We have entered a ‘post-truth era’, in which, Daniel J. Boorstin notes, ‘believability’ has become an acceptable substitute for ‘truth’, and ‘manifold deceptions of our culture’ are difficult to separate from ‘its few enduring truths’. In this era, communities and individuals may feel routinely duped, cheated or betrayed. Though truth may be considered intrinsically valuable, deception may sometimes be useful or necessary. Sometimes there is pleasure in the spectacle of deception. This volume addresses a variety of areas, coming from different disciplines and methodological approaches: what unites them is the notion of deception. Deception is not just one thing: it can be used for personal liberation and expression; it can be use as a tool of state oppression and sometimes it is purely entertainment.
Deception: Spies, Lies and Forgeries
Edited by Laura Crossley and Clara Sitbon
Format: eBook (PDF)
From literary hoaxes, through spy fictions to military intelligence, deceptions permeate our lives and their representations. This volume examines the many facets of deception and its central role in contemporary experience.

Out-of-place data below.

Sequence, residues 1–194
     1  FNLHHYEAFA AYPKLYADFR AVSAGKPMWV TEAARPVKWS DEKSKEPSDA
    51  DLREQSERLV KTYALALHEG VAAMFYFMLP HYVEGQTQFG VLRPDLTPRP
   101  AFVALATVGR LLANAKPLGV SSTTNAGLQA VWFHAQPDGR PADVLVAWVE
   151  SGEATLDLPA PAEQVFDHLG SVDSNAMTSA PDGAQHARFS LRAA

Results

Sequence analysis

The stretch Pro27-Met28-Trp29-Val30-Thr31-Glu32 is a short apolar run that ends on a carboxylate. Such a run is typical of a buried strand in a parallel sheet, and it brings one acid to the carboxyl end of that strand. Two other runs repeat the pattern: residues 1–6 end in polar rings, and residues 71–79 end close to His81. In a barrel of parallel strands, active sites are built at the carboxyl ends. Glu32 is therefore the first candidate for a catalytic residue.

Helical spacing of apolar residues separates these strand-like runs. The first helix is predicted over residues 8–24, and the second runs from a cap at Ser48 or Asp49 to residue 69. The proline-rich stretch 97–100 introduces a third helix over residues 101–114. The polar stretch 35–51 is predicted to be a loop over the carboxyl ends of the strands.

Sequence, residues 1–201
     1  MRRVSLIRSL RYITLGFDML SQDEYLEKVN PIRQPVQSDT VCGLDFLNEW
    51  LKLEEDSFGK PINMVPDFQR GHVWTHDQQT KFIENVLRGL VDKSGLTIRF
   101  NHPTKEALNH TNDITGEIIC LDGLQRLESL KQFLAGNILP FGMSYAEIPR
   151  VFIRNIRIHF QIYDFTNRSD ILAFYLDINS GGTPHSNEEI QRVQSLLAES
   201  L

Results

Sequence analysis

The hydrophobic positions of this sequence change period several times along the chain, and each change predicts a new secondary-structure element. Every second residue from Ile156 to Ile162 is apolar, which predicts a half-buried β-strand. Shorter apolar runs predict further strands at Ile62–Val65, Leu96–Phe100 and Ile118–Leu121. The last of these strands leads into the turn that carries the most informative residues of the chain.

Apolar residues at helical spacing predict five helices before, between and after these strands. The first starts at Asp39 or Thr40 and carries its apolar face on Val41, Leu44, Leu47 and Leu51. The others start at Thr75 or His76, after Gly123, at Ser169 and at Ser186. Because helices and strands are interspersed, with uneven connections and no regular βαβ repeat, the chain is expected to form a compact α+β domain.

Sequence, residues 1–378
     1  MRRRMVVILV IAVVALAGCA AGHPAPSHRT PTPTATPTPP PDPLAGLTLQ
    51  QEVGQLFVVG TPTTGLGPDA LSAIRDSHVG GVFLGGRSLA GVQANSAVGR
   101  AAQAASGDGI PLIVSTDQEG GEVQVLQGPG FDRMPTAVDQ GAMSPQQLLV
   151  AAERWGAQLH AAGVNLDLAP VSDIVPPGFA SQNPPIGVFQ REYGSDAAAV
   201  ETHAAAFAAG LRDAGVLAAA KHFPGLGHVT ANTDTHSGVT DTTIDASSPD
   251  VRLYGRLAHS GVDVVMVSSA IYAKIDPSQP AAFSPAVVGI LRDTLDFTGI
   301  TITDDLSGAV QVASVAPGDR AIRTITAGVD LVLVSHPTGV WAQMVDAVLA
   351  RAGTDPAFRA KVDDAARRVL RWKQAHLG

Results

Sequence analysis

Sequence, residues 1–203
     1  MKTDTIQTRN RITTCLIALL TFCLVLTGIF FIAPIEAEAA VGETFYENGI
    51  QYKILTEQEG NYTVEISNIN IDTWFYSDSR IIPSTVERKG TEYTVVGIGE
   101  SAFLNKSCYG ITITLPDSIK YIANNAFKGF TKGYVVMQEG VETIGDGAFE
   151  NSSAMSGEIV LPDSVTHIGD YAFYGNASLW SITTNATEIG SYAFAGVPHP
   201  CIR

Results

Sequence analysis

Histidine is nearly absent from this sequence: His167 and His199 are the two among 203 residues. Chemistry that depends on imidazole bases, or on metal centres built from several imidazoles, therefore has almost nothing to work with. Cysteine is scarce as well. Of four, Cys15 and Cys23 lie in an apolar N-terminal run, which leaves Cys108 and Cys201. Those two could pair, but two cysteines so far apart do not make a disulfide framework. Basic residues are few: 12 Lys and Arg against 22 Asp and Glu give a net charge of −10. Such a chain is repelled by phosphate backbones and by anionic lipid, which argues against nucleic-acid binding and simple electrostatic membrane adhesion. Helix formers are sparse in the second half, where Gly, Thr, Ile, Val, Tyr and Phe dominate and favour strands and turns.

Categories: Culture, Diversity, Ethos & Modern Living, Violence, War & Conflict, Digital Books.
Tags: Deception, Disguise, Fake, False Identity, Hoax, Intelligence, Lies, Lying, Spy Fiction, trust, Unreliability.
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Introduction: Everybody Lies
Clothes as Pseudo-Events: Ballyhoo, Rapture Bombs and Reginald Perrin
Seeing Isn’t Believing: The Fallacy of Vision in The Ipcress File and Skyfall
The Unreliable Narrator and the Problem of Deceptive Narration
Culture Matters: Strategic Deception in the Arab-Israeli Conflict
Lying as Second Person Engagement
Fake Testimonies: How the Literary Hoax Becomes a Tool for Social and Humanitarian Awareness
Laura Crossley is a lecturer in Media and Film Studies, with a PhD from the University of Manchester; the PhD investigated notions of nation and identity in Peter Jackson’s Lord of the Rings trilogy. Areas of interest focus on representations of British national identity in film and television, British stars and stardom and the function of nostalgia in film. She has published on the spy film and is currently working on a monograph on British espionage cinema. Her most recent talks have focused on the fictional female agent, Modesty Blaise.
Clara Sitbon is a scholarly teaching fellow at the University of Sydney where she lectures in French Studies. Her PhD focused on Vernon Sullivan and the literary hoax. She is currently working on two monographs, one on Vernon Sullivan, the other on the Série Noire, and is leading a number of edited collections, including on Boris Vian and hoax theory. She is a member of the University of Newcastle’s Detective Fiction on the Move strategic research network.
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